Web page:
Friday, September 03, 2010

California's Unsustainable Pension Burden

To get some idea of what sort of stealth government deficits are looming, it's worth reading California governor Arnold Schwarzenegger's August 27th Wall Street Journal editorial.

Arnold presented a bar chart showing California's past and projected annual retirement costs for public employees rising from roughly $5B in 2007, to $10B in 2013, and more than 20B by 2018.

Reading the list of actions by the state's government favoring public pension gives you a headache.

Meanwhile, the governor presents another graphic showing private sector job losses in the state totally 1.2MM since 2008, while public sector jobs have only barely budged, losing perhaps 10K.

It's difficult to understand how US equity markets can be expected to soar while lurking public sector deficits and excessive spending provide an offsetting drain on economic resources.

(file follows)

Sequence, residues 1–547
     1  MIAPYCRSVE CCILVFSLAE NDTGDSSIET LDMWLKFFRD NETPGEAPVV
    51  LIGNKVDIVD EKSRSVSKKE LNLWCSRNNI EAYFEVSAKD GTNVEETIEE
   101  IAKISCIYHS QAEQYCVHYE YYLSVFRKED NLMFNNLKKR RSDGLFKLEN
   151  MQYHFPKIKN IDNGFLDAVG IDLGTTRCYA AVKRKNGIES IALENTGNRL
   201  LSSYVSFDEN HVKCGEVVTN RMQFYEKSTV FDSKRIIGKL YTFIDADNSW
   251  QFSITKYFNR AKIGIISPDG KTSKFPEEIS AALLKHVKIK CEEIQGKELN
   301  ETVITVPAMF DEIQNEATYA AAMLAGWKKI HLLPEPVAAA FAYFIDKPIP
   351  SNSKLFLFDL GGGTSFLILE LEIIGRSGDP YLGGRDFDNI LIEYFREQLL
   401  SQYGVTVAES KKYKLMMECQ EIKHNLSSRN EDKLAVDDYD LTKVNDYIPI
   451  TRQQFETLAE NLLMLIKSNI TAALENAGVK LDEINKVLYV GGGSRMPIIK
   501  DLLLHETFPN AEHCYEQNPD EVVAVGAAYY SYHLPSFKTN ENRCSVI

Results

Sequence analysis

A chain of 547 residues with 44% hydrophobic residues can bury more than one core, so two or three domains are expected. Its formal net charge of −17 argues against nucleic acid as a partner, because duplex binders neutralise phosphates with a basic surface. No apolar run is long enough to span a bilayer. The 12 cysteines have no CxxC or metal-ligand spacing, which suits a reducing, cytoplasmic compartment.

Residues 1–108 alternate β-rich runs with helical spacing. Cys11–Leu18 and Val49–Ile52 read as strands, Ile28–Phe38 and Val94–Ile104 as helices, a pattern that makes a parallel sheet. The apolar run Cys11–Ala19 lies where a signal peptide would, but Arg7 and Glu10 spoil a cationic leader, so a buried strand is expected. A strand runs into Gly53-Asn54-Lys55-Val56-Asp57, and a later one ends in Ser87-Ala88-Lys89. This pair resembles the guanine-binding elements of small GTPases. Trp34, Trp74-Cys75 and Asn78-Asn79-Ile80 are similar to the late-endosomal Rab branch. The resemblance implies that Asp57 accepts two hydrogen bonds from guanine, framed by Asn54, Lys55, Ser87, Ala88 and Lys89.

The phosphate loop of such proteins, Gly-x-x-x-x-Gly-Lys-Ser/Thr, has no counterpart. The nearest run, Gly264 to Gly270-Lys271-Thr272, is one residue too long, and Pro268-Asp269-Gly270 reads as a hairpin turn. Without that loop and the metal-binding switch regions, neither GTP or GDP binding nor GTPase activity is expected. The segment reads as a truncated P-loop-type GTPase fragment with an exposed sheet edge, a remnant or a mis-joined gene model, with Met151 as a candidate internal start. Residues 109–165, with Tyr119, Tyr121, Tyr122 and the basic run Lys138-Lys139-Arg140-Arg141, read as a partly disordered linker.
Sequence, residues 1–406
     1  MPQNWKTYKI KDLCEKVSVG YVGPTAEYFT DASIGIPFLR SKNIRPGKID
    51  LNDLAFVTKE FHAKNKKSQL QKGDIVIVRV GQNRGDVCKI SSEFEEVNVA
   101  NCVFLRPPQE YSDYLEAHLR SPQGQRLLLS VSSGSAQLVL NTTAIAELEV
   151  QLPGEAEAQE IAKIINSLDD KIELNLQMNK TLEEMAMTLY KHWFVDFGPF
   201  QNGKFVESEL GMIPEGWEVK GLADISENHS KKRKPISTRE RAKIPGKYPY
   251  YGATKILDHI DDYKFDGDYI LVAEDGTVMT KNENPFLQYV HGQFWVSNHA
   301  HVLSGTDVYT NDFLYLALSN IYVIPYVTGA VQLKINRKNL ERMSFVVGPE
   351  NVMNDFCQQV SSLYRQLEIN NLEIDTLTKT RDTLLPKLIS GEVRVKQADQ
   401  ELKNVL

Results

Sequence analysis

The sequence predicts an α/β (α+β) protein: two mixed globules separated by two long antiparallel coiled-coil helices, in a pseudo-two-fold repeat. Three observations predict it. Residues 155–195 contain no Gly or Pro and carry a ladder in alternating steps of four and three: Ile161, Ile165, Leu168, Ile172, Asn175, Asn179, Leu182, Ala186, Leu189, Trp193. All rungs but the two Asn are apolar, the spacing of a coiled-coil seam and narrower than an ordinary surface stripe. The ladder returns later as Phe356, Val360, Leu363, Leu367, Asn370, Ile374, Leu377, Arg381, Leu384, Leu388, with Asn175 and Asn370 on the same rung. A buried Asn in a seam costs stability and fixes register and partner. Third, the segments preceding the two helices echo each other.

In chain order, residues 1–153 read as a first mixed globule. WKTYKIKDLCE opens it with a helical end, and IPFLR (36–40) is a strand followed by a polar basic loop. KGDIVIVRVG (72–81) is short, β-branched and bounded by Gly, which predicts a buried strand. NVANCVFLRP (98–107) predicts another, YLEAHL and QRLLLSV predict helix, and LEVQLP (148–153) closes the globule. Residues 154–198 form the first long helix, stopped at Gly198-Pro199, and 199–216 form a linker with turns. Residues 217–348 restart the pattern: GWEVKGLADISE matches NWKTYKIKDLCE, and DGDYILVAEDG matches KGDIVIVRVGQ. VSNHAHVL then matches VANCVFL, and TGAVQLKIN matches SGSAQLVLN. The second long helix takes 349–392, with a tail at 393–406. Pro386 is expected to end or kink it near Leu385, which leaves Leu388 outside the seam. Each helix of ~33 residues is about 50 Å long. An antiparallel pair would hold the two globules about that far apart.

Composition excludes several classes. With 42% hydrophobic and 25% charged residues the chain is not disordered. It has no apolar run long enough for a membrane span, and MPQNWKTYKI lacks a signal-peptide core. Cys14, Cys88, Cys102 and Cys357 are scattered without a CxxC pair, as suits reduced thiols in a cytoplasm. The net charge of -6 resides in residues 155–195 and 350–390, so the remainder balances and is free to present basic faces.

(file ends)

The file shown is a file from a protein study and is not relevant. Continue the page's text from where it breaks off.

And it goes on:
If California, once the prized growth engine of the US economy, has fallen into this unsustainable situation, how many other states are in similar straits? Where will the resources come from to provide for these unpaid public sector pension promises?

Federalizing them won't cure anything. It will only encourage more unaffordable pension promises.

It's articles like Arnold's which makes me sceptical that recent equity market rises are also sustainable for more than a few weeks at a time.

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